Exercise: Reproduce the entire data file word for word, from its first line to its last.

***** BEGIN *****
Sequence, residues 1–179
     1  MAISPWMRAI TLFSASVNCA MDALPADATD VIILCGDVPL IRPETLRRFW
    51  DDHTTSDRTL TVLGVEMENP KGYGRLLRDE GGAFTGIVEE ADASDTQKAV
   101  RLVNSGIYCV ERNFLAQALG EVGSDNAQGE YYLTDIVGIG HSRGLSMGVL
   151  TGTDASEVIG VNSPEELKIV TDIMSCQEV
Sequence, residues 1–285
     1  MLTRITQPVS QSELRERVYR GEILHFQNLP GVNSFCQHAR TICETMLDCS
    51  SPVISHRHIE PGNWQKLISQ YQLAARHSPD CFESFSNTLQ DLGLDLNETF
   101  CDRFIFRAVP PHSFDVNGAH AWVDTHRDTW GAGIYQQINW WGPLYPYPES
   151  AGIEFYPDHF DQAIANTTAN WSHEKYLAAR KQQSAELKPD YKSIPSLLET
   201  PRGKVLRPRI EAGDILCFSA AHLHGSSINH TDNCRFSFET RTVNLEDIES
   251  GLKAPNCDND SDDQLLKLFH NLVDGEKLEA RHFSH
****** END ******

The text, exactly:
Sequence, residues 1–179
     1  MAISPWMRAI TLFSASVNCA MDALPADATD VIILCGDVPL IRPETLRRFW
    51  DDHTTSDRTL TVLGVEMENP KGYGRLLRDE GGAFTGIVEE ADASDTQKAV
   101  RLVNSGIYCV ERNFLAQALG EVGSDNAQGE YYLTDIVGIG HSRGLSMGVL
   151  TGTDASEVIG VNSPEELKIV TDIMSCQEV
Sequence, residues 1–285
     1  MLTRITQPVS QSELRERVYR GEILHFQNLP GVNSFCQHAR TICETMLDCS
    51  SPVISHRHIE PGNWQKLISQ YQLAARHSPD CFESFSNTLQ DLGLDLNETF
   101  CDRFIFRAVP PHSFDVNGAH AWVDTHRDTW GAGIYQQINW WGPLYPYPES
   151  AGIEFYPDHF DQAIANTTAN WSHEKYLAAR KQQSAELKPD YKSIPSLLET
   201  PRGKVLRPRI EAGDILCFSA AHLHGSSINH TDNCRFSFET RTVNLEDIES
   251  GLKAPNCDND SDDQLLKLFH NLVDGEKLEA RHFSH